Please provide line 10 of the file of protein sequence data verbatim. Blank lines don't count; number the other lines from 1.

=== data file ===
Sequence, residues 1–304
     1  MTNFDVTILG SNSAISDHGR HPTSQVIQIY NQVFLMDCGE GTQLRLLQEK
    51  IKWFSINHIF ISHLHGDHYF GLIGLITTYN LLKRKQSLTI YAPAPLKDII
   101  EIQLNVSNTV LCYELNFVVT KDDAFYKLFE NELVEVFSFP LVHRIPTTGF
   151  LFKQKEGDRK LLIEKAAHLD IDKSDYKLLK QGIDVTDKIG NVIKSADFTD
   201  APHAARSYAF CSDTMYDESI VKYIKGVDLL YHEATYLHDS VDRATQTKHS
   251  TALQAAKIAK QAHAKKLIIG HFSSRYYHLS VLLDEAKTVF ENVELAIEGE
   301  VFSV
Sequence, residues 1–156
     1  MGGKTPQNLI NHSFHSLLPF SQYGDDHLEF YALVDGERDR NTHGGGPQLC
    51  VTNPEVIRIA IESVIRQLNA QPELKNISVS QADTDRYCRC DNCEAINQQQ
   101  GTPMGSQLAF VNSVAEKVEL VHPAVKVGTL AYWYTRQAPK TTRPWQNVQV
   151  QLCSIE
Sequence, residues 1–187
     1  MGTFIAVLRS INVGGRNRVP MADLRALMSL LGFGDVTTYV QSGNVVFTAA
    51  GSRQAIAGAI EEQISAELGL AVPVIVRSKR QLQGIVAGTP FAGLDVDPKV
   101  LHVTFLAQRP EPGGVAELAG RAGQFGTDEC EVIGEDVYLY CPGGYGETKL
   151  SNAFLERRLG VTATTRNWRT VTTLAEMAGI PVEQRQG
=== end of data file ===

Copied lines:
     1  MGGKTPQNLI NHSFHSLLPF SQYGDDHLEF YALVDGERDR NTHGGGPQLC